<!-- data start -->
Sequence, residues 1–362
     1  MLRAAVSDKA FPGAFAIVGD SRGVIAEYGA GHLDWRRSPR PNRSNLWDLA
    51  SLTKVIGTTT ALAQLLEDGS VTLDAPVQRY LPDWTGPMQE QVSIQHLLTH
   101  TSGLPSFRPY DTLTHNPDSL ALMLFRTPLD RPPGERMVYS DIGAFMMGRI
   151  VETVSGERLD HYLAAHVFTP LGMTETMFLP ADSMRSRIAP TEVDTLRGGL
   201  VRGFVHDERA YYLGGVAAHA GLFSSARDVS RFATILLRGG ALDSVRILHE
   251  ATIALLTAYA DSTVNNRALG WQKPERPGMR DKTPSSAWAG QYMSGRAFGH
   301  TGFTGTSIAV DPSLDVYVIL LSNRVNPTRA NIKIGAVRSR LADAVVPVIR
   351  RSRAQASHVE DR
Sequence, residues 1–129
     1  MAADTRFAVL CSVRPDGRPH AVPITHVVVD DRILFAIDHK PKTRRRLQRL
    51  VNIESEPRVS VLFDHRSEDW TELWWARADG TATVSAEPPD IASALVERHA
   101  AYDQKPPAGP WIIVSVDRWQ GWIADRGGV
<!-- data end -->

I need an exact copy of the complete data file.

Sequence, residues 1–362
     1  MLRAAVSDKA FPGAFAIVGD SRGVIAEYGA GHLDWRRSPR PNRSNLWDLA
    51  SLTKVIGTTT ALAQLLEDGS VTLDAPVQRY LPDWTGPMQE QVSIQHLLTH
   101  TSGLPSFRPY DTLTHNPDSL ALMLFRTPLD RPPGERMVYS DIGAFMMGRI
   151  VETVSGERLD HYLAAHVFTP LGMTETMFLP ADSMRSRIAP TEVDTLRGGL
   201  VRGFVHDERA YYLGGVAAHA GLFSSARDVS RFATILLRGG ALDSVRILHE
   251  ATIALLTAYA DSTVNNRALG WQKPERPGMR DKTPSSAWAG QYMSGRAFGH
   301  TGFTGTSIAV DPSLDVYVIL LSNRVNPTRA NIKIGAVRSR LADAVVPVIR
   351  RSRAQASHVE DR
Sequence, residues 1–129
     1  MAADTRFAVL CSVRPDGRPH AVPITHVVVD DRILFAIDHK PKTRRRLQRL
    51  VNIESEPRVS VLFDHRSEDW TELWWARADG TATVSAEPPD IASALVERHA
   101  AYDQKPPAGP WIIVSVDRWQ GWIADRGGV